22. My family and I wish you well.

I truly hope this works out well for your husband. He deserves to stay where the life he has built is based.

I think most Americans are very ignorant about immigrants and immigration law, and a lot of politicians want it that way so they can control our thoughts and votes.

We should have a TV education program that would demonstrate how important folks like your family are to our society and economy and which illustrates the work they do every day.

........ ........

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Response to KY_EnviroGuy (Reply #22)

Wed May 16, 2018, 09:48 AM

25. I've seem a couple of encouraging articles

in the news lately. There was a protest in Honduras where demonstrators are suggesting that Honduras kick the US out of their base there.

https://www.telesurtv.net/english/news/Hondurans-March-Against-US-Base-After-Trump-Termination-of-TPS-20180513-0006.html

Also, there is a lawsuit now in federal court.

http://lawyerscom.org/federal-lawsuit-against-trump-administration-challenges-tps-termination-for-hondurans/

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Response to Lonestarblue (Reply #5)

Sat May 12, 2018, 09:33 AM

8. the simple answer is to allow labor

to move as freely as capital or the flip side, restrict capital movement as labor is. but a simple answer has a host of obstacles. sorry, not much help.

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Response to Kurt V. (Reply #8)

Sat May 12, 2018, 12:50 PM

20. Good idea!

Your idea makes me think along the lines of the rights of people within the EU to move from one country to another to work. A system like there here could be structured differently—out of political necessity—so that people moving and working here would not become citizens. I think citizens of EU member states can vote in elections in their country of residence after a period of time, but they remain citizens of both the EU and their country of birth unless they apply for new citizenship. I’m sure people here would not support voting privileges, which may be okay. If the U.S. had labor treaties with Canada and Mexico, citizens could move in any direction for work, including U.S. citizens. I know this idea is way out there, but nothing else seems to be working other than throwing money and resources that could be better spent elsewhere at a never-ending problem.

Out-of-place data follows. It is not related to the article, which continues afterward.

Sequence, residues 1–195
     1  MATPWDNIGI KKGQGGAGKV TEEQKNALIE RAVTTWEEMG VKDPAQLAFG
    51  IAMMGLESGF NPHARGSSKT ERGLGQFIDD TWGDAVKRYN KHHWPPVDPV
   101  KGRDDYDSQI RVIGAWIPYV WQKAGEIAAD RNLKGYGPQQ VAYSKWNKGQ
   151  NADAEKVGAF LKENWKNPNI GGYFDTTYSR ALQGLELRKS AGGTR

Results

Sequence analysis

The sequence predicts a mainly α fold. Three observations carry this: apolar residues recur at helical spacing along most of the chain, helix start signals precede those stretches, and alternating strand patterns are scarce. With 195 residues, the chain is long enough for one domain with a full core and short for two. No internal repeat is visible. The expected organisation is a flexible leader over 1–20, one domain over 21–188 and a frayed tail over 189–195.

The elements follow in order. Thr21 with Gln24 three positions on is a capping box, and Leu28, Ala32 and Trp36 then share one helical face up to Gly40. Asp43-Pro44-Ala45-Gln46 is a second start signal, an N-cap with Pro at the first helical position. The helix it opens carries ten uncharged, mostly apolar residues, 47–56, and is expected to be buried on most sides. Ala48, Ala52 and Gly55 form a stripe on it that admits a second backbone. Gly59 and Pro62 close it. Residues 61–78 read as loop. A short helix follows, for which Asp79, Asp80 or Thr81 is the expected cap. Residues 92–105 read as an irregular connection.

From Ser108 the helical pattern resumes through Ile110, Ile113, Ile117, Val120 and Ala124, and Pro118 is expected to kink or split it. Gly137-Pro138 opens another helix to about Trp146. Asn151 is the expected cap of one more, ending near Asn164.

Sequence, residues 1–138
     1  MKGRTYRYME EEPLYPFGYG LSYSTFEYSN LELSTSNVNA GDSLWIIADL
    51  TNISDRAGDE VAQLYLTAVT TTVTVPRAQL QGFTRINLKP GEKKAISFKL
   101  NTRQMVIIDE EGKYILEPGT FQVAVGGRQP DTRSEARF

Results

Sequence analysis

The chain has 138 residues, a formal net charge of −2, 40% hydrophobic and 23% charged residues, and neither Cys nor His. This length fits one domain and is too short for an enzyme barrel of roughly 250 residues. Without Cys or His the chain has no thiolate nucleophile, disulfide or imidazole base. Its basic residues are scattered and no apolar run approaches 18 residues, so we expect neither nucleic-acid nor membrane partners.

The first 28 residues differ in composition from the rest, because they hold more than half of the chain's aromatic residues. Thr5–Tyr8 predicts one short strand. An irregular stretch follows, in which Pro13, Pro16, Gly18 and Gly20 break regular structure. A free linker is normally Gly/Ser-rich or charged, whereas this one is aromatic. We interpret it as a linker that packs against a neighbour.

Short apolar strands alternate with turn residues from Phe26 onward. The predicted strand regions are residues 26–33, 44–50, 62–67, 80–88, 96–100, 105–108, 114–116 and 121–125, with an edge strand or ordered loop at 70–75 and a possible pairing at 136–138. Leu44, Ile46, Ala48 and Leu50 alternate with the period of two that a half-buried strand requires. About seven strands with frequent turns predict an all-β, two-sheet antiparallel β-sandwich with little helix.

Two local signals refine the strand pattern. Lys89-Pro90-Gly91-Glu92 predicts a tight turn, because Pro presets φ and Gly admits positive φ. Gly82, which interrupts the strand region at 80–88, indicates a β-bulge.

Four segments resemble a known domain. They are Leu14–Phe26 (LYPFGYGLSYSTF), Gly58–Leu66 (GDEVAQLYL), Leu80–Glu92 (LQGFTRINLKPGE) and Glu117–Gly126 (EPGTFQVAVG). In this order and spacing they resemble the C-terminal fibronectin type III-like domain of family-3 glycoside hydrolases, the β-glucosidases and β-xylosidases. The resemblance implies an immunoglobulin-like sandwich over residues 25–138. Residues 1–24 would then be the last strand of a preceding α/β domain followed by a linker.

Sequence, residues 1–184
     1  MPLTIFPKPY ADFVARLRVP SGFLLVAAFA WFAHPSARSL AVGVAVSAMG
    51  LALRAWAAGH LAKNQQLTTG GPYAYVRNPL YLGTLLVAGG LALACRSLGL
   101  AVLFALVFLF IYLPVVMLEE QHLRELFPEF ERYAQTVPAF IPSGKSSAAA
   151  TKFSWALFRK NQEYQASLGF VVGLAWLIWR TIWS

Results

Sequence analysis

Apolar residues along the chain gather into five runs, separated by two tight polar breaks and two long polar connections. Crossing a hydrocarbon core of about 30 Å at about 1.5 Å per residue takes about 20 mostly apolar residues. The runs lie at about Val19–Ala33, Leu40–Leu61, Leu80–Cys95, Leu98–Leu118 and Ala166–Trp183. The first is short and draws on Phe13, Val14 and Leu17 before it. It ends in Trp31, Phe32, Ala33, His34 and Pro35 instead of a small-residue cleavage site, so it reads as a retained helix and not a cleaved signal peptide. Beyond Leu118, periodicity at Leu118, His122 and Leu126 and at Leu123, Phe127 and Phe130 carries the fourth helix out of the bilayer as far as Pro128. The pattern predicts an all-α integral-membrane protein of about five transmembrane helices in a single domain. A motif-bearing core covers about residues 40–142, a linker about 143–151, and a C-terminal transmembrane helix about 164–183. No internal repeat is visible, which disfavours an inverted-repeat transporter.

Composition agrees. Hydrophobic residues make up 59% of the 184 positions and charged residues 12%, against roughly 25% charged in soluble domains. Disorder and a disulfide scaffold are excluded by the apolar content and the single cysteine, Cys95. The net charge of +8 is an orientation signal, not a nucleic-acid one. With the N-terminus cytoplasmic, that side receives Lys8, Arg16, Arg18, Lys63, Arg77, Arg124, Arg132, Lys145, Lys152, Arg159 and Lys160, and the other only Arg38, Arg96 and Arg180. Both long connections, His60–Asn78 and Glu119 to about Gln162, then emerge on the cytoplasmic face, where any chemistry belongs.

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Response to Lonestarblue (Reply #5)

Sat May 12, 2018, 09:43 AM

10. Guest workers are ok, but what we need are future citizens...

Overall birth rates for US citizens have been below replacement rate for some time. Our relatively high level of undocumented immigration, however, masks the economic impact. Because of it, we don't feel the pinch of a shrinking workforce to the extent other countries have. We don't see shrinking consumer demand and tax revenue. What we need is an organized system to bring in a certain number of immigrants each year. And not just skilled workers. We need unskilled as well. We need people across the whole continuum. We need to legitimize what's been going on informally for decades. Undocumented immigrants are not a drain or nuisance, except in the warped minds of xenophobes and racists. They are vital to our economic survival. Do you think Germany, Canada et al. are doing similar simply out of the kindness of their hearts? Umm, no. So in years to come, when you become eligible for SS and Medicare, thank an immigrant. They have just as much impact on the viability of those essential programs as home grown citizens.

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Response to paleotn (Reply #10)

Sat May 12, 2018, 10:42 AM

16. +1 (nt)

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Response to paleotn (Reply #10)

Sat May 12, 2018, 06:36 PM

23. Terrific points and extremely important.

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Response to kpete (Original post)

Sat May 12, 2018, 09:25 AM

7. Ah General,

on behalf of my ancestors who arrived in this country with only farming and mechanic skills who couldn't speak English (probably a lot of them couldn't read or write), many times carried all that they own in a bag. They dug in, worked their asses off, made sure their children were educated, at least one often more joined the armed forces in every major war from the Revolution to Vietnam, learn to be master mechanics, master electricians, civil engineers, pastors, intell operatives, musicians, writers, etc. They paid back this country with interest for giving them a chance. They also stepped up for civil rights, unions and conservation; you know the things that idiot you pimp for spits on. Yeah, they had their share of dirt bags; every family does. However, all up they gave much more than they took.

So sir, with all due disrespect and in their memory, go fuck yourself.

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Response to sarge43 (Reply #7)